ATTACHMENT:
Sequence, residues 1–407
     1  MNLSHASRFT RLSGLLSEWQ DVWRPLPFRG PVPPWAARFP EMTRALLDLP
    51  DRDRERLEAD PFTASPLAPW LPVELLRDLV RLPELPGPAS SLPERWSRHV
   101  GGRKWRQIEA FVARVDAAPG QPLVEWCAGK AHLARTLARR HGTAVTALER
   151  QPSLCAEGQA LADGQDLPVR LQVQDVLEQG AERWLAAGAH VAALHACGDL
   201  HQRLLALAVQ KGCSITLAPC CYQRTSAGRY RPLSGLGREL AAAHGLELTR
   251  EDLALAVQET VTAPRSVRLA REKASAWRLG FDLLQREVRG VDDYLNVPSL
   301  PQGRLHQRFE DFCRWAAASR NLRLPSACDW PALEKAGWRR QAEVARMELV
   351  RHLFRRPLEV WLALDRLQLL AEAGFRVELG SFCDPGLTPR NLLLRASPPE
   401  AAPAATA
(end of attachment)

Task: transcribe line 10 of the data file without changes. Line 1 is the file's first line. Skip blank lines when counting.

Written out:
   401  AAPAATA